Wednesday, April 23, 2014

Nicholas Phan makes more fans at Celebrity Series

Tenor Nicholas Phan: a millennial Michael Fierstein?
From the moment he takes the stage, tenor Nicholas Phan (at left) seems to straddle two contrasting worlds of vocal performance.

For there's something casual as well as classic about him - his boyish good looks and bedroom eyes (the kind that whisper I'm singing this song just for you), inevitably tilt his performance toward the speakeasy rather than the salon. Indeed, if Phan leaned against the piano ever so slightly - or loosened his tie just a bit - you'd half-expect him to launch into  an American standard rather than a German lieder. And during his Celebrity Series performance last week, I sometimes found myself wishing he'd croon something by Gershwin rather than Schubert, so easily does he mix that comforting cocktail of wit and sentiment perfected by the likes of Michael Fierstein.

Gershwin wasn't on the program, though; Schubert and Britten were. And honestly - is lieder only a cabaret, old chum? Well, Phan intermittently made a persuasive case that it is. Although he's still a young singer, and so sometimes coasts on his own charisma; his technique isn't fully mature, and there's still something unsettled about his upper register, which occasionally sounded hooded last Thursday.

But the core of his voice is exceptionally strong and well-suited to lieder - not, perhaps, kissed with sun, but built of supple maple, inlaid here and there with cherry. And his German is so well-dicted it's almost lyrical - he convinces you (as Schubert does) that Deutsch ist eine musikalische Sprache.

Whether Phan convinces you of the depth of some of these songs is another argument - he's certainly getting there, but as romantic experience doesn't seem at all fraught for him, some of his Schubert came off as superficial. The opening "Frühlingsglaube" ("In Spring") for instance, lacked  genuine vulnerability, and he glossed over the pain in "Der Musensohn" ("Son of the Muses") while missing entirely the rapturous death wish in "Ganymed." And when Phan accidentally skipped ahead in "Frühlingssehnsucht," this led to a self-deprecating chuckle, and a joke from the pianist (the coolly capable Myra Huang) that "Nobody would have known!" Maybe so - and the moment itself was charming; but it left a glib echo.

Phan did better when he had exterior (rather than interior) drama to work with. "Frühlingssehnsucht" eventually built to a satisfying emotional pitch, and the most ambitious piece of the set, "Viola," proved its strongest. This extended ode to a fallen flower is almost epically structured, and while it sounds a bit much on paper, Schubert's musical inspiration is unfailing, and Phan conjured a winning mix of poise and escalating intensity.

The tenor then turned to Benjamin Britten, with whose work he is closely associated - and it was immediately clear why. In Britten, desire should be mixed with distance, and sympathy with irony, so Phan's presence suddenly felt specifically tailored to the material; and there was an added resonance to this handsome gay man essaying these particular songs, which had their premiere with Britten on piano, while his lover, tenor Peter Pears, did the vocal honors.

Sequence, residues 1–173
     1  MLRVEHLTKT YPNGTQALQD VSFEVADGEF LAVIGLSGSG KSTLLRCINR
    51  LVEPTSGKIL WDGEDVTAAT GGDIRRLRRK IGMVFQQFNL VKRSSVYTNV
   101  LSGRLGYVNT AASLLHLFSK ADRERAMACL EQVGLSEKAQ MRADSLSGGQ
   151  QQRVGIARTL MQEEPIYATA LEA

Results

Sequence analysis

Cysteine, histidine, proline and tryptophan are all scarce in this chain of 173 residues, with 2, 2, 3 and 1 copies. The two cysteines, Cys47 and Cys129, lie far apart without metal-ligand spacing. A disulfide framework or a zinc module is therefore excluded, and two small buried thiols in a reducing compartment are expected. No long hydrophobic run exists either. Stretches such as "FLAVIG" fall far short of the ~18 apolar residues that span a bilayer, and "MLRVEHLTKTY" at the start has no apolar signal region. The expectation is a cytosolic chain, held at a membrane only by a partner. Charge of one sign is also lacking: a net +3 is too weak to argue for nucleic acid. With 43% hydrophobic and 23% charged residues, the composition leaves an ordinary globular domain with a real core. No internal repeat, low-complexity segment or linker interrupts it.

It also helped that the song cycle in question, Winter Words, is so terrific (arguably one of Britten's finest). The texts are drawn from Thomas Hardy's volume of poems of the same name (and if you don't know Hardy's quirkily muscular verse, I encourage you to get acquainted with it), and these were clearly selected with subtle care to construct a thematic arc reflecting the composer's own obsessions: the evanescence of evil and innocence in a fallen world, and the strange place of music in our lives as both at the core of our experience and an eternal thing apart. Intriguingly, at the center of the cycle we find a wryly poignant ode to a choirmaster (perhaps a factotum for Britten himself?), who is sung to his final rest by a choir of shades.

Even here, however, I didn't agree with all of Phan's decisions ("Midnight on the Great Western," for instance, struck me as far too forceful), but the tenor's own presence hinted at the homoerotic allure of some of these poems, and his wryly phrased takes sounded just right for the lighter texts, while calmly restraining the pathos of the darker ones. Phan wrapped the program with several folk songs arranged (exquisitely) by Britten - this tenor is hardly a rustic, but then neither was this composer; at any rate the most moving of these proved the familiar "'Tis the last rose of summer," while the wittiest was the sly satire "The ploughboy."  The crowd - clearly all Phan fans by now - called the singer back for two encores, one from Schubert ("Die Taubenpost") and another from Britten ("Greensleeves"), this time to reversed artistic effect: the Schubert proved far more straightforward and cleanly expressed. Two virtues which seem to be the keys to Mr. Phan's considerable talent.

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